Section 1401 provides a tax in addition to other taxes to be imposed on a taxpayer's net earnings from self-employment. Section 1402(a) generally defines net earnings from self-employment to mean the gross income derived by an individual from any trade or business carried on by such individual, less the deductions allowed for computing self-employment net earnings which are attributable to such trade or business. Section 1402(c) provides that the term "trade or business," when used with reference to self-employment income or net earnings from self-employment, shall have the same meaning as when used in section 162 (relating to a trade or business expense), except that such term shall not include the performance of service by an individual as an employee. Section 1402(d) provides that the term "employee" shall have the same meaning as when used in chapter 21 (section 3101 and following relating to the Federal Insurance Contributions Act). Section 3121(d) defines an employee as any individual who under the usual common law rules applicable in determining the employer-employee relationship has the status of an employee.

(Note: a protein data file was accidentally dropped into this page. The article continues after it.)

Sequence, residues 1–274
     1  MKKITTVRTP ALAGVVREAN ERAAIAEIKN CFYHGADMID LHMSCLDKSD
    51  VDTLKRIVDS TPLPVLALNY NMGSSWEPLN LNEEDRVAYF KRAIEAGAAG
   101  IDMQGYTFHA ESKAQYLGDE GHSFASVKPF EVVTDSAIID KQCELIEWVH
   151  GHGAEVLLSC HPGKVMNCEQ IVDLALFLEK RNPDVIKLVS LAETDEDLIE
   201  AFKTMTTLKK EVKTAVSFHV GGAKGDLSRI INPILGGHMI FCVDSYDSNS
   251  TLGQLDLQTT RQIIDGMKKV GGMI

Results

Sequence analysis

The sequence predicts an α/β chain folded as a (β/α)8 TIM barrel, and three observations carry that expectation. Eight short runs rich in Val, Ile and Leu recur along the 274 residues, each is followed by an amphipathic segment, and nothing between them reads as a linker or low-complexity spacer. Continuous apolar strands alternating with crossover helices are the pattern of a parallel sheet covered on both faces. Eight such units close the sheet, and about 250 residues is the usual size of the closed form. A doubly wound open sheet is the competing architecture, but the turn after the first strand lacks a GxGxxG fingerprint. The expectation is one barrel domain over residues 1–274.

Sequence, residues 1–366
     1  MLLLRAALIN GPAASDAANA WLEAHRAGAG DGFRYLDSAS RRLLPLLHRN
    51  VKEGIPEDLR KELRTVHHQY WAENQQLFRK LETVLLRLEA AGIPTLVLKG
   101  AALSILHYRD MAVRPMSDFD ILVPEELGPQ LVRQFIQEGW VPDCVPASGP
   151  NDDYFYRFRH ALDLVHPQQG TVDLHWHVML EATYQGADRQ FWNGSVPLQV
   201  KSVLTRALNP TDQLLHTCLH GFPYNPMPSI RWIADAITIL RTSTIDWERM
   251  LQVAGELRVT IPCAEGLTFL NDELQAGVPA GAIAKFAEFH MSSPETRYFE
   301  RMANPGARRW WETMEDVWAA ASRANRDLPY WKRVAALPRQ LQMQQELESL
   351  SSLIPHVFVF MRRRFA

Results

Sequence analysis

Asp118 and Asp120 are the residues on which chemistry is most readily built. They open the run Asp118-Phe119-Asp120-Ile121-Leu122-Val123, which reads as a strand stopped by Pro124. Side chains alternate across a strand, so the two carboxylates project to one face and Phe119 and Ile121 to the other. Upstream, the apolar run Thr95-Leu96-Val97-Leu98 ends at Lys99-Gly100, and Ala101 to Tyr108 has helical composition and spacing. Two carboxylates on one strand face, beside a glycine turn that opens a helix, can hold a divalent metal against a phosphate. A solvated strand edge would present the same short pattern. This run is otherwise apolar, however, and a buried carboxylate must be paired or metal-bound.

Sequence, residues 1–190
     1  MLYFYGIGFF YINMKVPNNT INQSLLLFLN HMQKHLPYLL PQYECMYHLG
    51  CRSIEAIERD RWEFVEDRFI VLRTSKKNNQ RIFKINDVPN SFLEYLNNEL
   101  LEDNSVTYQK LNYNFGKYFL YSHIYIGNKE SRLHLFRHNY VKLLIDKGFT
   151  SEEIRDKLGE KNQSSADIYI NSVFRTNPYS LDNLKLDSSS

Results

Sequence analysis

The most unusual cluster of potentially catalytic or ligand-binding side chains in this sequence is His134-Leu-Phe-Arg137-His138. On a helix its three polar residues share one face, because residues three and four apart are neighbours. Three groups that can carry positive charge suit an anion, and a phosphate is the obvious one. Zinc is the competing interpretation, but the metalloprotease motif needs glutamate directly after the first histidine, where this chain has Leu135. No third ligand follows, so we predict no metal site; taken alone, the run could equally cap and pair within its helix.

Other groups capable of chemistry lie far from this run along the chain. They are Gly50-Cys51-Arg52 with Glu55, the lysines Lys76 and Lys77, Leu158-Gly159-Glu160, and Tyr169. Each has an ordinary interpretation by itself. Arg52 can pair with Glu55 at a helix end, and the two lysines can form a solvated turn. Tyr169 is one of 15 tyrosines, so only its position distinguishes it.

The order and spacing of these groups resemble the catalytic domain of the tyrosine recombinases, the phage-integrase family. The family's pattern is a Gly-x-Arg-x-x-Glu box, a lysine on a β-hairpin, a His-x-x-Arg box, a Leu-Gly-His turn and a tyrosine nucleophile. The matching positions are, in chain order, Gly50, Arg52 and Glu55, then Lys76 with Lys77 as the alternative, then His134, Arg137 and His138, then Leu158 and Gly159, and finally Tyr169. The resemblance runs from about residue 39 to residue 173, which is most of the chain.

Section 31.3121(d)-1(c)(2), Employment Tax Regs., defines the common law employer-employee relationship as the relationship which generally exists when the person for whom services are performed has the right to control and direct the individual who performs the services, not only as to the result to be accomplished by the work but also as to the details and means by which the result is accomplished. The regulation goes on to state that this means that an employee is subject to the will and control of the employer, not only as to what shall be done but how it shall be done.